Liam Blackburn, the man behind the Ancestral Voices moniker, has often seemed like a pretty gifted producer searching for a genre that would best suit his undoubted talent. He's given techno, ambient and IDM a whirl but kept returning to drum & bass in one form another, culminating in last year's "Night of Visions", a generally well received album and one of the last on Samurai Horo before the parent imprint decided to merge its offshoots. It was a lengthy affair that swung from washes of doom-laden ambience to full bore 170bpm meltdowns with effortless dexterity. Inspired by shamanic experiences in the Amazon and an expanding, spiritual weltanschauung, Night of Visions represents an enlightened new path trailing beyond the fringes of post-dubstep, techno, and electro-acoustic music to explore instinctive urges and impressionistic projections thru a more mature production palette.His latest EP "Old Earth Voodoo", is, in the opinion of this aging d&b fanatic, a far more satisfying affair. The track tempos have been slowed down dramatically to a soporific-sounding 85bpm, but take it from me, the tunes themselves are teeming with the sort of dubbed up incandescence that would have a dance floor heaving were an enterprising DJ to drop one into his set. If "Old Earth Voodoo" is an indication of where Ancestral Voices are headed next, goodies aplenty lie in store. And for god's sake someone introduce Liam Blackburn to Kevin Martin: an Ancestral Voices / The Bug collaboration would have the potential to ... well, just use your imagination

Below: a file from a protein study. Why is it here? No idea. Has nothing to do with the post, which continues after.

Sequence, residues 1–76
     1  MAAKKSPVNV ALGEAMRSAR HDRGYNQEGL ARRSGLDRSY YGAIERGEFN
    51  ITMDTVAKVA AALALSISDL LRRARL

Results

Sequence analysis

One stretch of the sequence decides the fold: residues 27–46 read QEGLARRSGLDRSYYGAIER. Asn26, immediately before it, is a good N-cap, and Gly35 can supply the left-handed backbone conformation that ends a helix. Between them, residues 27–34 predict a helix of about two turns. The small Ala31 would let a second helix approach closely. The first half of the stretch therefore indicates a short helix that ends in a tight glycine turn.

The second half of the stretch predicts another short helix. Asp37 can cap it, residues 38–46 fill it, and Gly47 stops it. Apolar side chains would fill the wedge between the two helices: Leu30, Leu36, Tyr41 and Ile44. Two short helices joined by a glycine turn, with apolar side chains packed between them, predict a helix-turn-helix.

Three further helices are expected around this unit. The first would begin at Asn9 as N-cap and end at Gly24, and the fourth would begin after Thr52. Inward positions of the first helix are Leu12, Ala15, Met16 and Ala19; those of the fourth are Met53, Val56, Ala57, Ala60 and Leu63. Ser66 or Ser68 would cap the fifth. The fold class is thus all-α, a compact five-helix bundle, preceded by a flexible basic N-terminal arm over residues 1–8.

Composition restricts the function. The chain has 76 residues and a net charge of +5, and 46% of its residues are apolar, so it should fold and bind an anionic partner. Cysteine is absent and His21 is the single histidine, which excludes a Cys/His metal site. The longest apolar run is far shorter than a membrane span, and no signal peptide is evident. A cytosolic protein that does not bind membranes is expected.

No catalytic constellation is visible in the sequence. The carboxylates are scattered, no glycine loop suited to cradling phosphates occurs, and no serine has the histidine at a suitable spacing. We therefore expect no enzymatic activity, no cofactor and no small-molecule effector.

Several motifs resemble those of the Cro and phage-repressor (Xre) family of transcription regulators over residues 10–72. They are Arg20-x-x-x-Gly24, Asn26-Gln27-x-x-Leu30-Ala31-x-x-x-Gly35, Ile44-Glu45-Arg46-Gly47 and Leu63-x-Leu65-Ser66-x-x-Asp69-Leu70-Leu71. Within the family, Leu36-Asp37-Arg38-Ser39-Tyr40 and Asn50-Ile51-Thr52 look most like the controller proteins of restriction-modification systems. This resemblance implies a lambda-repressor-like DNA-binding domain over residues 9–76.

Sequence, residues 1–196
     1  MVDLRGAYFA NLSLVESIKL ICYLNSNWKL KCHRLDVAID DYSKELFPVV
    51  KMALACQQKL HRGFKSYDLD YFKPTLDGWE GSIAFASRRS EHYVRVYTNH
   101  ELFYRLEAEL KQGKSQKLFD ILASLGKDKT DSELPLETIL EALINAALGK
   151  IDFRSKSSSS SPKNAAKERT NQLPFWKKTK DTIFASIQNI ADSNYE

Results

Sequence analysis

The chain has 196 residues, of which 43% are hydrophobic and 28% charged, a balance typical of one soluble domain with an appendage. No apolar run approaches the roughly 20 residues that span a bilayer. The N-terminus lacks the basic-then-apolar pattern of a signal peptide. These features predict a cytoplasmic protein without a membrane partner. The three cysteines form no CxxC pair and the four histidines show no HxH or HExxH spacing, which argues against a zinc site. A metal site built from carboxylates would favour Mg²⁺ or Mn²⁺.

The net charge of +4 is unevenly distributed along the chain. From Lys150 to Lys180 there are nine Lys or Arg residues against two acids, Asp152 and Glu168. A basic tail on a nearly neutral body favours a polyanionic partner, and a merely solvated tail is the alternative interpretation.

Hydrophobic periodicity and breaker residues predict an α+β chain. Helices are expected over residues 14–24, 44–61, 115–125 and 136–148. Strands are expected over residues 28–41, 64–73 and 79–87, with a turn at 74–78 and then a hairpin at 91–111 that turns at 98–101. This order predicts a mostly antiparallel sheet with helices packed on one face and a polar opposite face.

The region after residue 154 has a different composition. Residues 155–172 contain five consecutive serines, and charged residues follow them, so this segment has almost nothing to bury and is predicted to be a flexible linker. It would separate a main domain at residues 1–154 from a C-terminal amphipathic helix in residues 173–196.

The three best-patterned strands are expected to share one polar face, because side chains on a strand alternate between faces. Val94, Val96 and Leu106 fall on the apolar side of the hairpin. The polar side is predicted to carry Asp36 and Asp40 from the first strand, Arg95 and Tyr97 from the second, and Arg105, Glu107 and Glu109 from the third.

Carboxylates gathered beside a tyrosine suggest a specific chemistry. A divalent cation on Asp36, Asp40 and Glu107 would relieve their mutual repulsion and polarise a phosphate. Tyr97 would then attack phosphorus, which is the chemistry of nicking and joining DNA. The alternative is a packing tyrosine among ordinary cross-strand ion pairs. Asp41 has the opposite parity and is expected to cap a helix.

<a href="https://mir.cr/CIQ2YOBO"> Ancestral Voices - Night Of Visions  </a> ( flac 287mb)

01 Night Of Visions 9:46
02 Ritual Terre 7:03
03 Selva 4:40
04 Medicina 4:41
05 Invocations 5:04
06 La Purga 6:00
07 Arachnae 4:53
08 The Feathered Serpent :46
9R ebirth & Dissolution     5:10
10 Paititi 3:38
11  Sleepless Night, First Light 5:31

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‘Divination’ is the second LP to come from Liam Blackburn’s Ancestral Voices project. Where his debut LP ‘Night of Visions’, reconstructed his rhythmic approach into a primal framework, ‘Divination’ sheds the beats almost entirely and focuses on soaring drones and Liam’s refined approach to ambience. There is moments of tempered elation (Revelation, Inscriptions, Cleromancy), contrasted with black hole soundtracks (Geomancy, Hieratic) with the overall feel of ‘Divination’ becoming a gently traversing voyage through a revolving mood-scape. With ‘Divination’ following more beat oriented EP’s for Samurai Music and Horo, Liam redefines the sound of Ancestral Voices with every release. ’Divination’ is a glistening example of the singular voice he provides to electronic music.



<a href="https://multiup.org/25f4030359c1034186ffe32d99a3d132">   Ancestral Voices - Divination </a> ( flac 423mb)

1 Divination 11:17
2 Galdr 6:45
3 Geomancy 6:46
4 Rites 5:11
5 Transcendence 10:48
6 Forn Sidr 6:23
7 Yggia 7:38
8 Futhark 4:42
9 Hieratic 5:55
10 Cleromancy 5:49
11 Alu 4:53
12 Inscriptions 5:15
13 Revelation 3:02

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Liam Blackburn’s Ancestral Voices project is a nomadic journey of self discovery, exploring expansion of consciousness through sound. Since it’s inception in 2016 the project has traversed from transcendent ambient to jagged 170 bpm beat experiments over the course of 2 full length LP’s and 3 EP’s. In 2018 Liam launched his own label ‘The Fifth Kingdom’ with the entirely beatless release -

Liam Blackburn’s Ancestral Voices project has been consistently hard to pin down to any genre as he progresses through his new musical experiment. Taking hunks of his formative style developed as Indigo and stretching it into uncharted forms, most of his new work is underpinned by a skill at sound design that has endeared him to the sync community and recently saw his music soundtracking a trailer for Paramount Pictures 2018 thriller ‘A Quiet Place’ -